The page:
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A caller challenged Dayl. Did he really think the secretaries in the building who died were not innocent victims?
"Not in my opinion."
After taping the program, Winkler waited for a storm of protest to develop over Dayl's words. But none came. So, after several days, he copied his tape of the show and sent it to E.J. Montini.
Three columns, two cartoons and several letters and editorials later, Dayl's words had created a thunderclap of protest all the way to Oklahoma City.
It wasn't the first time Montini and Dayl had clashed.
Seven years earlier, only months after Dayl had arrived in Phoenix from a Cleveland radio station, Dayl had taken issue with a Montini column that had made use of several unnamed sources.
To protest Montini's use of anonymous informants, Dayl slandered him.
In a misguided use of sarcasm, Dayl invented a story that unnamed sources had told him Montini was involved in an affair with an underage newspaper delivery girl at the Republic.
Those comments left Dayl and Fred Weber's radio station wide open to a libel suit.
Montini asked for an apology and got it. To sue Fred Weber and his deep pockets, Montini wrote, might tempt another person, but he wanted to be rid of the entire episode.
Seven years later, Dayl was again the subject of Montini's columns, and it troubled him deeply.
For years, Dayl had been a radio host in Oklahoma City, and one of its most popular. But now he was being pilloried in his old hometown. In a letter to Montini, the governor of Oklahoma called Dayl an ass.
Dayl decided that he had better go to Oklahoma City himself, to explain that his words had been taken out of context, to explain that he was the victim of media bias, to quell the outrage against him in a place that had remembered him so fondly.
At least that's what he told his Phoenix audience just days before he left.
Listening, naturally, was a person who would see to it that Dayl's reception in Oklahoma City would be less than gracious.
At 6 foot 5 and 270 pounds, and with his white mustache and goatee, John Dayl looks like a stretched-out Burl Ives.
And like Ives, Dayl has a most remarkable quality to his voice. Penetrating and mellifluous, Dayl's baritone manages not to rasp despite Dayl's almost constant smoking.
He sits at a small table in the back of Romanelli's deli in northwest Phoenix, dragging on a cigarette. For days he'd promoted this public appearance on his show, but so far only a handful of fans has come by to shake John's hand and pick up tee shirts, coffee mugs and--joy of joys--free bags of breadcrumbs.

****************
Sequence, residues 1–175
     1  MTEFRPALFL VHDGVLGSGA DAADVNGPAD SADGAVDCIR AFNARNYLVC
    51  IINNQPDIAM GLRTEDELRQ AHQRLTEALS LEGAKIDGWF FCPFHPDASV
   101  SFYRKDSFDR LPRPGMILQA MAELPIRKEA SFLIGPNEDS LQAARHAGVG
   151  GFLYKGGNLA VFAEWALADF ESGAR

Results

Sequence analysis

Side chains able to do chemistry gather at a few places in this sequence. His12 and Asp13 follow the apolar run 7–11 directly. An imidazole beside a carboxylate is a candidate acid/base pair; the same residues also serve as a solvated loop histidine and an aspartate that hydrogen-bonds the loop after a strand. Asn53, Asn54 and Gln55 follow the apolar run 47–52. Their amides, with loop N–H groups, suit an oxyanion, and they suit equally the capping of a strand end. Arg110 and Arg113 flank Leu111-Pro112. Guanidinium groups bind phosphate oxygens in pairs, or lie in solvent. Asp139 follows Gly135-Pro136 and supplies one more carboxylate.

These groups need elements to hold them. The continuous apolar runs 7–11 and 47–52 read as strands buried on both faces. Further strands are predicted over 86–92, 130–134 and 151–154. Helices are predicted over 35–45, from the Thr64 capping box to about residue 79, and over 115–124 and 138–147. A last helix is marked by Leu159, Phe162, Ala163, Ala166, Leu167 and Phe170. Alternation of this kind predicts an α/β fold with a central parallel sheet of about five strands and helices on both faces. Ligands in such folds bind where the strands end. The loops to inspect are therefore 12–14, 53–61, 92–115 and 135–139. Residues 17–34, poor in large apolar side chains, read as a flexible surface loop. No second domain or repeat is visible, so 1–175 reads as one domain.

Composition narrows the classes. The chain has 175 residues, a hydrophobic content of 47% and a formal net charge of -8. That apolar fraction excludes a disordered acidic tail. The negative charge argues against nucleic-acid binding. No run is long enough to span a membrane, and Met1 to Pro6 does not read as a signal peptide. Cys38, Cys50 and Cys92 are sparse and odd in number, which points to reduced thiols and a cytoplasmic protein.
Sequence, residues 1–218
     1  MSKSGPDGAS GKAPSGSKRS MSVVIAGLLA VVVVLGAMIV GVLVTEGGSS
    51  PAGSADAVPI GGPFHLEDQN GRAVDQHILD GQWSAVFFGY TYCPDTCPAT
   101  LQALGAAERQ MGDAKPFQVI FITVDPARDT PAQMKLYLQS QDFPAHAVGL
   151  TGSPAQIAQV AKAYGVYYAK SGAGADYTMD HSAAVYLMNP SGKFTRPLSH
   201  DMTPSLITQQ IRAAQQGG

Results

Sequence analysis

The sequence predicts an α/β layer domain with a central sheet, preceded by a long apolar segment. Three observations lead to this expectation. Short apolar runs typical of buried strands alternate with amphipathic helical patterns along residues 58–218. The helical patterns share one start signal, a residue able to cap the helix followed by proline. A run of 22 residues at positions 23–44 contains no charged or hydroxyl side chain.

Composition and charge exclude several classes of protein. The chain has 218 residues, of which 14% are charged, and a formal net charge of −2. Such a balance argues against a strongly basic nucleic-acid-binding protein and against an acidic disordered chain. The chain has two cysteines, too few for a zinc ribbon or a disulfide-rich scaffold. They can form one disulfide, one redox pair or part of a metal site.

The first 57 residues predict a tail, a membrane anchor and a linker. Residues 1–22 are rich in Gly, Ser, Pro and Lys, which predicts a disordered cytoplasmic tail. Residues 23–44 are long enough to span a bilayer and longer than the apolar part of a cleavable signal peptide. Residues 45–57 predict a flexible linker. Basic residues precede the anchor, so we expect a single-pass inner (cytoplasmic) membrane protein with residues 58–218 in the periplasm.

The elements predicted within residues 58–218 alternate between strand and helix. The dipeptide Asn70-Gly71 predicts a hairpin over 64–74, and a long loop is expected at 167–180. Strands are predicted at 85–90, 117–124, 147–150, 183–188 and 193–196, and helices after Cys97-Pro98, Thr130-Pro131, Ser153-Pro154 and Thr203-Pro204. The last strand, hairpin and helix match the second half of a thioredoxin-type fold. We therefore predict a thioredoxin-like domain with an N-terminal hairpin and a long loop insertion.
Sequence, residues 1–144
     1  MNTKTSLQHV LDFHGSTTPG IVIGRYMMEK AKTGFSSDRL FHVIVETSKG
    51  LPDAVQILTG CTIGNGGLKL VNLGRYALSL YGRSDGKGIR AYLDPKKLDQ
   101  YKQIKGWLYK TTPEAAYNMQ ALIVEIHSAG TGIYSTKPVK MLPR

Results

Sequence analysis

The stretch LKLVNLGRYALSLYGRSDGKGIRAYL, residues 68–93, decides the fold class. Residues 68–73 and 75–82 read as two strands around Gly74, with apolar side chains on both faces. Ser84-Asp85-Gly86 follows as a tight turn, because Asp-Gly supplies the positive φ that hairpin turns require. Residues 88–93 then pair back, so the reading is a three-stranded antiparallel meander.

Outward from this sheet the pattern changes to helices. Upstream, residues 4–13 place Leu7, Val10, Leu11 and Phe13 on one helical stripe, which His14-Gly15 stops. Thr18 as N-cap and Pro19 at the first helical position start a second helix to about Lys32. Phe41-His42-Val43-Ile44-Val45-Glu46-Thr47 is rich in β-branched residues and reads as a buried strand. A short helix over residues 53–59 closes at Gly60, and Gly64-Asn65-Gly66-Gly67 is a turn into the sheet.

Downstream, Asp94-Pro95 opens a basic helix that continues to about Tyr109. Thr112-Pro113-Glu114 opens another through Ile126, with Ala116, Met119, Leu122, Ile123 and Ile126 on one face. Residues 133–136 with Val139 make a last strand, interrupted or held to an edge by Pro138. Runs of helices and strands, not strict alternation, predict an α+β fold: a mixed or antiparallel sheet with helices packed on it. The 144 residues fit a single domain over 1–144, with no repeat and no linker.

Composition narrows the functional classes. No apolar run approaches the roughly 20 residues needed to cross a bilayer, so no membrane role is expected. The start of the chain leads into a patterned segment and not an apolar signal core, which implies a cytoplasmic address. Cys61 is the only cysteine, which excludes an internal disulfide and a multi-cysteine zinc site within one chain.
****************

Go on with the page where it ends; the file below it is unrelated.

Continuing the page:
"I thought I'd see more of your fans here," says one loyal listener.
"Oh, they're trickling in and trickling out," Dayl answers.
It's a far cry from the kind of adulation he regularly receives on the air from adoring fans.
Dayl has worked in radio for 27 years. Before that, he says, he spent 14 years in the military. Based on shreds of information Winkler has gleaned from Dayl's shows, Dayl is around 60, and he's said that he has married three times, that he's estranged from his two sons, and that he holds a divinity degree.
In the seven years since he came to Phoenix and KFYI, Dayl has been fired twice, hired three times, but not without losing his full-time position in the process. Now he broadcasts on weekends, making $7.95 an hour, he's fond of saying. Former KFYI employees say he's probably not making that little, but they say he isn't making too much more.
For three hours each on Saturday and Sunday, Dayl combines an evangelical rhetorical style, a doomsaying pessimism and a bragging, good-ol'-boy swagger.
His biweekly homily has three recognizable themes: Christianity good. Government bad. Women inscrutable.
With little specificity or attention to daily events, Dayl takes his listeners around and around the same material repeatedly.
Yet despite Dayl's notoriety, the vast majority of what he says is hardly radical. Indeed, it's fairly standard fare by talk-radio standards: that the veterans of Desert Storm may be the victims of a cover-up of their exposure to chemical agents; that the federal government needlessly overregulates; that a godless education system is ruining children; that the IRS sucks.
Again and again, Dayl instructs his listeners to direct their anger over various (mostly garden-variety) grievances at lowly federal workers rather than featureless institutions.
Much of what Dayl says is simply repugnant, especially his swipes at women and minorities. He's said repeatedly that he is the "world's biggest chauvinist pig" and openly admits that he is a bigot.
Jann Renert and Shirley McKean say they have no problem believing him. The two were guests on the Dayl show the day after Christmas 1995. "I was asked to be on the show concerning censorship in the schools," Renert says. "But we didn't get to talk about that more than two minutes."
McKean says Dayl encouraged his listeners to roast the two of them and reacted angrily when they tried to talk back.
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